One of the most puzzling issues is how they got this far? Albright and Brannan recently presented a detailed analysis of the status of North Korea’s uranium enrichment program [4]. Their work demonstrates a clear pattern of cooperation and exchange with Pakistan, including crucial elements such as training of North Korean technical specialists at the Khan Research Laboratory. They also show a troubling procurement scheme, particularly with commercial entities in China. I have previously stated my concern about potential cooperation and exchanges in uranium technologies between North Korea and Iran. However, a detailed analysis and reevaluation taking into account the findings from this trip is now in order. A better understanding is important because it will help us better judge the capacity of current and planned enrichment capacity.

It is an understatement to say that trying to discern North Korea’s motivations is difficult. In an essay published elsewhere I argued how an initially security-driven motivation for the bomb took on important domestic and international dimensions [11]. Pyongyang has clearly stated that it will retain its nuclear weapons as a deterrent so long as current U.S. policies persist. North Korean officials with whom we met on this trip made it abundantly clear that there will be no denuclearization without a fundamental change in U.S. – North Korean relations. Pyongyang has seriously pursued nuclear electricity; it has both practical and symbolic importance [14]. It views LWRs as the modern path to nuclear power, and was prepared several times in the past to trade its bomb-fuel producing reactors for LWRs. This time we were told, “We have given up; we will do it on our own.” They can claim with some justification that the uranium enrichment program is an integral step toward an LWR and nuclear electricity.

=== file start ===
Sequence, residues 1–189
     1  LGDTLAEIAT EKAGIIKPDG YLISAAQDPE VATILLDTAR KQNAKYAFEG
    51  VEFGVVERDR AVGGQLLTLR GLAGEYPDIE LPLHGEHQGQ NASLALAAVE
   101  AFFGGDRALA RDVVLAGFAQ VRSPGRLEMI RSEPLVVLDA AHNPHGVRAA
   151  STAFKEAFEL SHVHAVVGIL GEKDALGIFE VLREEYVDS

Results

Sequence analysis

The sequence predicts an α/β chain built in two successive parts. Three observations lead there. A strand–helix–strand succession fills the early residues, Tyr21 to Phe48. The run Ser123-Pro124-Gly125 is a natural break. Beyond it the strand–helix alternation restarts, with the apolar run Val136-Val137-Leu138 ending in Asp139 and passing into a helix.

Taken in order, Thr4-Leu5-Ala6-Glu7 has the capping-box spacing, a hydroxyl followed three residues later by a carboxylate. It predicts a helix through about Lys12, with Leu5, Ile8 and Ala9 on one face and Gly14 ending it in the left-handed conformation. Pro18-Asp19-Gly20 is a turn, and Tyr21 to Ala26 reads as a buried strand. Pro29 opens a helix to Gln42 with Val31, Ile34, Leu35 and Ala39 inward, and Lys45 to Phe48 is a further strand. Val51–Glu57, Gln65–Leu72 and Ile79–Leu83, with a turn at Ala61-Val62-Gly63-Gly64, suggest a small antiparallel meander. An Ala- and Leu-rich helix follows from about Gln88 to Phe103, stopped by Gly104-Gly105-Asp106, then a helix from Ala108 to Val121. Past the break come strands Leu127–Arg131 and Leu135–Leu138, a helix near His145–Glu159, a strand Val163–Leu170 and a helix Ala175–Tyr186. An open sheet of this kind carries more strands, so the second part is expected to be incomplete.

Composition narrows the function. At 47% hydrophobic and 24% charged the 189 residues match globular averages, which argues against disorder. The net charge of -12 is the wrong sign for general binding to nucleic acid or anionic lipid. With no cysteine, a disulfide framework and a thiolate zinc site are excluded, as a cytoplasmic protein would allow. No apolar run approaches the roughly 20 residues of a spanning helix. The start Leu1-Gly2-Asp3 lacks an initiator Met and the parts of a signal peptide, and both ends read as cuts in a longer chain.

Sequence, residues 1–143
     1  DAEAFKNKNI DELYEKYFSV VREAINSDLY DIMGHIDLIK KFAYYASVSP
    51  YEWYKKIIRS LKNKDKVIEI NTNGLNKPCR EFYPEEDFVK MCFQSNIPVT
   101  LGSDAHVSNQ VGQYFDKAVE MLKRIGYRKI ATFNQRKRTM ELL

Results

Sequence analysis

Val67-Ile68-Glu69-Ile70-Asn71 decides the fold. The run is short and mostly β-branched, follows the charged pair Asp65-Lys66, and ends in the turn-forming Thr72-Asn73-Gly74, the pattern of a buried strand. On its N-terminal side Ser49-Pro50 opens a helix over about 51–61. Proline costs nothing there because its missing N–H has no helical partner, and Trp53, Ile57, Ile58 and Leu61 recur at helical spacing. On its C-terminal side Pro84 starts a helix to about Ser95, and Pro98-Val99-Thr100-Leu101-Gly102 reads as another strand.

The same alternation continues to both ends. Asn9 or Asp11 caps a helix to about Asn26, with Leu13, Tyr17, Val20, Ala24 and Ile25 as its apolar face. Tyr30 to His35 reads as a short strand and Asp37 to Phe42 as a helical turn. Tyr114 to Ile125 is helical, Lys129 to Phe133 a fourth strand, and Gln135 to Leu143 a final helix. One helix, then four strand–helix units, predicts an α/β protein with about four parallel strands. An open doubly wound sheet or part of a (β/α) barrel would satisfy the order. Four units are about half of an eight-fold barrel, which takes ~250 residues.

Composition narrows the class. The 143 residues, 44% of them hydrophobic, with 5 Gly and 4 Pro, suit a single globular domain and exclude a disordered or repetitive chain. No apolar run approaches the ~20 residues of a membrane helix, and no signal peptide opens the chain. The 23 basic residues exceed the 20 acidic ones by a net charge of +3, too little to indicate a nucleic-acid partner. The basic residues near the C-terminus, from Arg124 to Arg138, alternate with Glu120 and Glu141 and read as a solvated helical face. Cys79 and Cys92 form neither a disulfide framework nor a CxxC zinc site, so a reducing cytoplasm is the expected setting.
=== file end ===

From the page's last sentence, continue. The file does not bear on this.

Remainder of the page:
I believe that although this peaceful program can be diverted to military ends, the current revelations do not fundamentally change the present security calculus of the United States or its allies. Pyongyang has gained significant political leverage already from the few plutonium bombs they have. Building more sophisticated bombs that can be mounted on a missile is better done with plutonium than HEU. However, the production of large quantities of HEU and additional nuclear tests would allow them to increase the size of their arsenal. Even more troubling would be the potential of export of fissile materials or the means of producing them, means which now include centrifuge technologies. For these reasons, the United States should not sit idly by.

Where do we go from here?